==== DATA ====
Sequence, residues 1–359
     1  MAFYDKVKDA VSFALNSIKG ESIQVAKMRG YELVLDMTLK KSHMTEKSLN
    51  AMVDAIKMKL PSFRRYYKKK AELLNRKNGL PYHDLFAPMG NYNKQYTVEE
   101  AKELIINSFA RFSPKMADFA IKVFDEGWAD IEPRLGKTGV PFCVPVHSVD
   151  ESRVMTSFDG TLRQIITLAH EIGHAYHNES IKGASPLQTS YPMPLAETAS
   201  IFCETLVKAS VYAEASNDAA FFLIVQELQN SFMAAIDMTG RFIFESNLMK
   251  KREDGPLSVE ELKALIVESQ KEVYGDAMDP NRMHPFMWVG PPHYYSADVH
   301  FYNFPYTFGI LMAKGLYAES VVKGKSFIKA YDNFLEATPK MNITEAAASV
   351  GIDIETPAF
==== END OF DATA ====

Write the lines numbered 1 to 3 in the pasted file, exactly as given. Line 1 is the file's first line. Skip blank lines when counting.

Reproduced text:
Sequence, residues 1–359
     1  MAFYDKVKDA VSFALNSIKG ESIQVAKMRG YELVLDMTLK KSHMTEKSLN
    51  AMVDAIKMKL PSFRRYYKKK AELLNRKNGL PYHDLFAPMG NYNKQYTVEE